"We'll get a share of the business," Stice predicted. "But it's going to be a battle."

That may be an understatement. The Continent's biggest monopolies are preparing to fight, both against upstarts like Telenet Flanders and once-harmless neighboring monopolies that now loom as potential competitors.

Analysts expect the injection of competition in Europe will reduce prices and increase market volume, much as it did in the United States a decade ago. But advances in technology since the mid-1980s, coupled with the number of big European players, are expected to make deregulation in Europe a far more ruthless affair.

While MCI and Sprint went after a share of the American long-distance market using limited capacity microwave technology, analysts note the battle in Europe begins in an age where fiber-optic technology has a capacity that is virtually infinite.

"It's going to be much more brutal than the United States," Heyworth said. "It's all going to be about getting traffic. The fight for a customer base is going to be so important that we'll have massive price-cutting."

The implications of all this change are enormous.

For global players in telecommunications, it means access to what has historically been one of the world's largest, most profitable--and most protected--markets.

For Europe's state-owned monopolies themselves, it signals an end to fat, easily earned profits and the start of a new existence, in which they must compete to survive. For most of them, it will also mean privatization with the massive shedding of jobs that private ownership implies.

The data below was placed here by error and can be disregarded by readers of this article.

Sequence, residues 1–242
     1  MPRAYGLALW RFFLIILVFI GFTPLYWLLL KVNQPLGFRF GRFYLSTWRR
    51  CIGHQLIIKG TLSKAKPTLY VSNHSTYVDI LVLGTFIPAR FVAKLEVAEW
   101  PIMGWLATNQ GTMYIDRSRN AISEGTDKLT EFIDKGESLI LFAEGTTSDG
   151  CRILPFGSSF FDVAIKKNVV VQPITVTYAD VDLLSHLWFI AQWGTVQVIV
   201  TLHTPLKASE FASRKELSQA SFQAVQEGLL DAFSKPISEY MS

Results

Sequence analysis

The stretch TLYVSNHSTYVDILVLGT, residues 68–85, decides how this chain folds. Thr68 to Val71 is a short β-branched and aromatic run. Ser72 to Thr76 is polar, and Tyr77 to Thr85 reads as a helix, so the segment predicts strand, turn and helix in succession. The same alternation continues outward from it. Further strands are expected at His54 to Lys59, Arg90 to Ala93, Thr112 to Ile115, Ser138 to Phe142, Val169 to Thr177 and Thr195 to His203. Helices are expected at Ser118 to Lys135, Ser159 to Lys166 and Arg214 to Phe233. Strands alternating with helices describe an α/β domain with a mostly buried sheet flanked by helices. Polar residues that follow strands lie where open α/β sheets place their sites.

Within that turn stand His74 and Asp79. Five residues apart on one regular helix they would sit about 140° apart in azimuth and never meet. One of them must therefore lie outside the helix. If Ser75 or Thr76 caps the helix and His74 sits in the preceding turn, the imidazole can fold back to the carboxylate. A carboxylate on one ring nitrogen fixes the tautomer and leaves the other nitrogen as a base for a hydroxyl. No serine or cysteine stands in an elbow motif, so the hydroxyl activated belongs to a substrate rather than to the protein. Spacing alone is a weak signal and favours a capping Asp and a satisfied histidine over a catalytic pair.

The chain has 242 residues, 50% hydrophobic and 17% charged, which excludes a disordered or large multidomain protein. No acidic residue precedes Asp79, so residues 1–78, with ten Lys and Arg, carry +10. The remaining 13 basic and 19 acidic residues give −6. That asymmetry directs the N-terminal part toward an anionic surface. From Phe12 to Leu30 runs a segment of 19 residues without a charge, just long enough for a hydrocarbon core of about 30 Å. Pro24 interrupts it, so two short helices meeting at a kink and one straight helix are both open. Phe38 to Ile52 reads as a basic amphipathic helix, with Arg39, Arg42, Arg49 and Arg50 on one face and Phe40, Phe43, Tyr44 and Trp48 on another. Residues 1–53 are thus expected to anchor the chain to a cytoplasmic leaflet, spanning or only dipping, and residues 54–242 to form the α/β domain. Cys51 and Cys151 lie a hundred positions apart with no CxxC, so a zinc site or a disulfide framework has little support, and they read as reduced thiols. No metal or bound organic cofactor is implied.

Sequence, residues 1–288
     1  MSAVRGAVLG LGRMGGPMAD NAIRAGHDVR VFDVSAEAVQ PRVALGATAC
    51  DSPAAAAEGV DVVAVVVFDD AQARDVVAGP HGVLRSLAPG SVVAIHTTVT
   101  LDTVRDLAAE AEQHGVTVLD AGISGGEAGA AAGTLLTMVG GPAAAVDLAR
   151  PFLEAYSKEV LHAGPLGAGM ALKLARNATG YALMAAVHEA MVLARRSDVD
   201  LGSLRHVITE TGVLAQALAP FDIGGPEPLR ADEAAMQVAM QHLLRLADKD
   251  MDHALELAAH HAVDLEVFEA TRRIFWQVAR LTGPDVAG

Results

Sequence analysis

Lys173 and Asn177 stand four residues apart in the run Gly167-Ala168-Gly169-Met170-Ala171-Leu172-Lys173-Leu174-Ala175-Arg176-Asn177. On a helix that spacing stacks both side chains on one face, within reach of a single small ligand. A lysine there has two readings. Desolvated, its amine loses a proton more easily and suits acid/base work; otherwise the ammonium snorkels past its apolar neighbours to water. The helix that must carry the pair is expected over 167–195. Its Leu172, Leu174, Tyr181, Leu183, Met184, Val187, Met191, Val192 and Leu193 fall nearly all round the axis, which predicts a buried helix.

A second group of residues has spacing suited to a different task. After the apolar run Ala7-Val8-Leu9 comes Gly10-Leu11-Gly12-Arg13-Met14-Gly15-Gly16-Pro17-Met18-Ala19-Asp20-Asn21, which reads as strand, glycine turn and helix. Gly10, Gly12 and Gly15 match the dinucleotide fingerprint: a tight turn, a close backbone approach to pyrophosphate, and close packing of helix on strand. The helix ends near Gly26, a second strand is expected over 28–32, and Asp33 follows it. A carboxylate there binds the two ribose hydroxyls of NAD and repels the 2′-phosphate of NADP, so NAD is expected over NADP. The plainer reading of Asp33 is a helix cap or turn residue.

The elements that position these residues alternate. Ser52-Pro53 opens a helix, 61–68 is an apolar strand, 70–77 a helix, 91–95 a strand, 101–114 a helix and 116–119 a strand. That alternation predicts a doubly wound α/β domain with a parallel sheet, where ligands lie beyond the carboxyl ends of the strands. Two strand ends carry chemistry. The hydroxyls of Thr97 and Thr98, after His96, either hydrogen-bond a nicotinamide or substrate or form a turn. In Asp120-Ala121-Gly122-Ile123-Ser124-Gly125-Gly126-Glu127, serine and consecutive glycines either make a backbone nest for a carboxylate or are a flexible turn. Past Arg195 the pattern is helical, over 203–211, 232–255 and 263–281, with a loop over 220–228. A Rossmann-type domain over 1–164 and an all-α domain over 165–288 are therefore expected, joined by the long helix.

In the decade since then-Prime Minister Margaret Thatcher cut British Telecom free from government control, for example, the company has shrunk by 109,000 employees--to roughly half its original size. Others now face similar downsizing, with Germany's Deutsche Telekom alone expecting to shed some 60,000 employees before the end of the decade. Denmark's telephone monopoly Teledanmark's goal of cutting 4,000 jobs over a four-year period may seem small by comparison but it still makes up almost a quarter of the company's work force.

For European governments, the change means selling off lucrative cash cows for one-time windfall profits that could collectively total more than $50 billion by the time full deregulation begins in 1998. It also means confrontations with militant trade unions over the politically explosive hemorrhaging of jobs.